(ARL-7: dp. 3,960 (tl.); 1. 328'0"; b. SO'O"; dr. 11'2" (lim.); s. 11.6 k. (tl.); cpl. 250; a. 1 3", 8 40mm.; cl. Achelous)
The son of the titan lapetus and Clymene and the brother of Prometheus. Atlas, whose name means bearer or endurer, was charged by Zeus with tending the pillars that separate heaven and earth.
The second Atlas (ARL-7) was laid down as LST-231 on 3 June 1943 at Seneca, Ill., by the Chicago Bridge & Iron Co.; launched on 19 October 1943; sponsored by Mrs. Nettie Singer; named Atlas and redesignated a landing craft repair ship ARL-7 on 3 November 1943; and commissioned on 15 November 1943 for the voyage to the conversion yard. She arrived in Baltimore, Md., on 14 December 1943; entered the Bethlehem Steel Key Highway Shipyard; and was placed out of commission for her conversion to a landing craft repair ship. Her modifications completed early in February 1944, Atlas was recommissioned at Baltimore on 8 February 1944, Lt. Buell A. Nesbitt, USNR, in command.
After shakedown training along the Atlantic coast, Atlas departed Boston, Mass., at the end of the second week in March and steamed via Halifax, Nova Scotia, to the British Isles. She arrived in Milford Haven, Wales, on 29 March and remained there for two days before moving to Falmouth, England, where she arrived on 1 April. She remained at Falmouth until the end of May when she proceeded to Plymouth to prepare for the invasion of Europe. Though not present for the actual assault, Atlas arrived on the scene on 8 June, two days after D-day, and immediately began repairing damaged landing craft. Her crew worked about 14 hours a day returning their charges to active service while frequently fighting to fend off enemy air attacks. She served at various locations on both sides of the English Channel almost until the end of hostilities in Europe. On 16 April 1945, the ship departed Plymouth to return to the United States. She entered Norfolk on 5 May to begin seven weeks of repairs in preparation for duty in the Pacific.
Underway again on 22 June, the vessel transited the Panama Canal between 8 and 10 July and arrived in San Diego, Calif., on the 25th. She remained there until 15 August, the day after Japan capitulated, before departing that port and heading for the Central Pacific. After stops at Pearl Harbor and Eniwetok, Atlas arrived at Guam in the Mariana Islands late in September and performed her repair duties there until late November. On the 27th, she shaped a course back toward Eniwetok and entered the lagoon at that atoll on 4 December 1945 for a five-month tour of repair work. At the end of April 1946, she stood out of the Eniwetok anchorage to begin the voyage back to the United States. She made a stop at Pearl Harbor en route before arriving in Astoria, Oreg., on 24 May. There, she joined the Pacific Reserve Fleet though she was not officially decommissioned until 13 September 1946.
Atlas remained inactive until midway through 1951 when the Fleet was expanding to meet the demand for warships caused by fighting in Korea. She was recommissioned at Astoria on 1 June 1951, Lt. Cmdr. Jaroslav Kohl in command, and operated along the west coast until early November. On the 12th, the landing craft repair ship got underway for the Far East and made a stop at Pearl Harbor from 24 November to 1 December before continuing on to Japan. She arrived at Yokosuka on 21 December and, for the next nine months, repaired amphibious warfare ships and craft damaged in the Korean conflict. She operated primarily at Yokosuka and Sasebo but also saw service at Okinawa. On 25 September 1952, she left Yokosuka and shaped a course back to the United States. The ship stopped off at Pearl Harbor before continuing on to San Diego where she arrived on 24 October.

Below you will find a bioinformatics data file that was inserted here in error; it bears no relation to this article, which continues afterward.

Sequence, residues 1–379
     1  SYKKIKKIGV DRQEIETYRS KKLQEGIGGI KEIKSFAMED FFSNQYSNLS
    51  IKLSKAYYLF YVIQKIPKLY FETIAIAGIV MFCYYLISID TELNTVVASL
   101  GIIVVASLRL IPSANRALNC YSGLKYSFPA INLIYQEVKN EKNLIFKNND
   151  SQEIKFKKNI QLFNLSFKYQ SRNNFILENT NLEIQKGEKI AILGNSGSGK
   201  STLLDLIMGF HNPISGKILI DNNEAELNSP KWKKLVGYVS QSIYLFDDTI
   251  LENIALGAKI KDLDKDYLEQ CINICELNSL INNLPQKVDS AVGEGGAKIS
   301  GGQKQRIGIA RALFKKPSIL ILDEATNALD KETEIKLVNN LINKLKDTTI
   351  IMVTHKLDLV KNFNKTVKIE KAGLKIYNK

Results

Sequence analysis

Atlas operated along the California coast until March of 1954. She stood out of San Diego on the 16th of that month for another tour of duty in the Far East, reentered Yokosuka on 15 April, and resumed repair work on American amphibious warfare ships and craft operating in the Orient. On 15 August, the vessel departed Yokosuka on her way to Indochina where the Viet Minh had recently won independence from France. With the certainty that a communist regime was to be established in the north, the United States assisted those who wished to leave the north before the communist regime took complete control. Atlas arrived in Haiphong on 28 August to provide repair services while anchored in Henrietta Pass. She also provided station ship, mail exchange and communication relay services. She got underway again on 24 September shaping a course back toward Japan. She arrived in Yokosuka on 7 October but remained there only three days before beginning her homeward voyage. Following the customary port call at Pearl Harbor, she continued on to the California coast and reached San Diego on 7 November.
Operations in and out of her home port filled her time until 16 March 1955. On that day, Atlas pointed her bow westward from San Diego for the final deployment of her career. After a stop at Pearl Harbor, the landing craft repair ship entered Yokosuka on 17 April. In addition to her repair work there, she put to sea for two special operations of unspecified nature in the Okinawa area. She also made liberty calls at Beppu and Kobe in Japan as well as at Hong Kong. On 21 September, Atlas weighed anchor at Yokosuka and shaped a course via Pearl Harbor for home and arrived at San Diego on 19 October. On 7 November, the shipheaded north, reached Astoria on 14 November, and began preparations for inactivation. She was decommissioned on 13 April 1956 and was berthed with the Astoria Group, Pacific Reserve Fleet. She remained in reserve until her name was struck from the Navy list on 1 June 1972. She was sold to the Marine Power & Equipment Co., Seattle, Wash., on 18 September 1973.
Atlas (ARL-7) earned one battle star during World War II.
21 October 2005